Earlier this month, the Nobel Prize laureates of 2023 were announced. Since the awards first began in 1901, Nobel Prize awards have been awarded to those who, in the words of awards founder Alfred Nobel, “have conferred the greatest benefit to humankind” during the preceding year.
Since 1901, Nobel Prizes have been awarded across five categories; physics, chemistry, medicine or physiology, literature, and peace. In 1968, the Sveriges Riksbank Prize in Economic Sciences in Memory of Alfred Nobel was established, bringing the total number of Nobel Prizes awarded each year to six. In total, 11 Laureates were awarded a Nobel Prize in 2023 across the six categories. Meet this year’s laureates.
Physiology or Medicine Nobel Prize
Katlin Kariko and Drew Weismann were jointly awarded the Nobel Prize in Physiology or Medicine. Since the rise of the pandemic, it was often said that whoever would be able to put this to an end would be awarded this prize and surely enough Dr Kariko and Dr Weismann were duly rewarded for their discoveries which led to the development of effective and reliable mRNA vaccines against Covid-19.
Economic Sciences Nobel Prize
Claudia Goldin, a professor of Harvard, became the third woman to win the Nobel Prize in Economics, but the first woman to receive the prize without the partnership with a male counterpart. Her research has “advanced our understanding of women’s labour market outcomes”, the Royal Swedish Academy of Sciences stated. Goldin’s work has revealed the main sources of the remaining gender pay gap with her research incorporating over 200 years’ worth of data.
The Nobel Prize in Chemistry was given to Moungi G. Bawendi, Loius E. Brus, and Alexei I. Ekimov for their discovery and development of quantum dots, nanoparticles so tiny that their size determines their properties. This discovery has led to significant advancements in nanotechnology with doctors being able to use this discovery to map biological tissue and being able to guide surgeons when they remove tumour tissue. The Chemistry award was this year, also subject to a rare slip-up on the part of the Nobel committee. Some Swedish media outlets mistakenly sent a press release via email of the winners before the committee had officially announced their decision. Commenting on the error, the secretary-general of the Royal Swedish Academy of Sciences, stated that the slip-up was “very unfortunate, and we regret very much that this happened.”
Pierre Agostini, Ferenc Krausz and Anne L’Huillier shared the Nobel Prize in Physics. They were recognised by the academy for they have “demonstrated a way to create extremely short pulses of light that can be used to measure the rapid processes in which electrons move or change energy.” Which has given humanity new tools for exploring the world of electrons inside atoms and molecules.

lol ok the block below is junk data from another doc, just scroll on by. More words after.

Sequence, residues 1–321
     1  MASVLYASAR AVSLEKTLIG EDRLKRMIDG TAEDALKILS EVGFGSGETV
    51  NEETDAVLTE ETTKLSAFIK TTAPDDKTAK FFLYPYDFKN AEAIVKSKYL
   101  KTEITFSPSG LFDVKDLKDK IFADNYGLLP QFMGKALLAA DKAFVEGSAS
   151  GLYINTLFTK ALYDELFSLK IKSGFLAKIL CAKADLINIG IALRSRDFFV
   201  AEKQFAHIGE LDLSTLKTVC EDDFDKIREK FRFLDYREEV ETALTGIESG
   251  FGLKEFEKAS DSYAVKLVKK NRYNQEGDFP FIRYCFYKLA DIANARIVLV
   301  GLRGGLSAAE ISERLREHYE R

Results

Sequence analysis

With work that includes wonderful novels such as 1989’s The Boathouse and 1995’s Melancholy, it was no surprise that the Norwegian novelist and playwright Jon Fosse won the Nobel Prize in Literature on Thursday morning. The Academy awarded Fosse “for his innovative plays and prose which gave voice to the unsayable.” Fosse now joins the likes of Ernest Hemingway, Doris Lessing, and William Falkner whose work will now forever be immortalised along with the works of his fellow laureates.
The Nobel Peace Prize was awarded to Narges Mohammadi (right) for her ongoing fight against the oppression of women in Iran and her fight to promote human rights and freedom for all. The academy noted that they “recognise the hundreds of thousands of people who, in the preceding year, have demonstrated against the theocratic regimes’ policies of discrimination and oppression targeting women.” with Mohammadi being the face of the fight against the tyrannical forces in governance in Iran. During the course of Mohammadi’s brave struggle for freedom of expression and the right of independence, the regime in Iran arrested her 13 times, convicted her five times, and sentenced her to a total of 31 years in prison and 154 lashes. Narges Mohammadi is still in prison.
Irish Recipients of the Nobel Prize
While there were no Irish Laureates included in this year’s Nobel Prize awards, a number of past Nobel Laureates have come from the island of Ireland. Four Irish men, W.B. Yeats, George Bernard Shaw, Samuel Beckett, and Seamus Heaney, have won the Nobel Prize in Literature. Physicist Ernest Walton won the Nobel Prize in Physics in 1951 and William C. Campbell won the Nobel Prize in Medicine in 2015. In 1976, Betty Williams and Mairead Corrigan were jointly awarded the Nobel Peace Prize for their work as peace activists in Northern Ireland. While the Nobel Peace Prize was awarded to John Hume and David Trimble in 1998 for their efforts to find a peaceful solution to the conflict of Northern Ireland. All laureates will receive their awards in Stockholm during a ceremony on the 10th of December 2023.
John O’Connor – Writer
Mark O’Rourke – Features Editor